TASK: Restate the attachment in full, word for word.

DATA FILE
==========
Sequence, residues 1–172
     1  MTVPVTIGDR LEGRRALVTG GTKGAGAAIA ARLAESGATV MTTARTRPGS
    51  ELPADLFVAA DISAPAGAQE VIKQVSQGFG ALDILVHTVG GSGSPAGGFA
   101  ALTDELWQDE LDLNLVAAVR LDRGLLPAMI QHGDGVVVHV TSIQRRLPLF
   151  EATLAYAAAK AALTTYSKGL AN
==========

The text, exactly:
Sequence, residues 1–172
     1  MTVPVTIGDR LEGRRALVTG GTKGAGAAIA ARLAESGATV MTTARTRPGS
    51  ELPADLFVAA DISAPAGAQE VIKQVSQGFG ALDILVHTVG GSGSPAGGFA
   101  ALTDELWQDE LDLNLVAAVR LDRGLLPAMI QHGDGVVVHV TSIQRRLPLF
   151  EATLAYAAAK AALTTYSKGL AN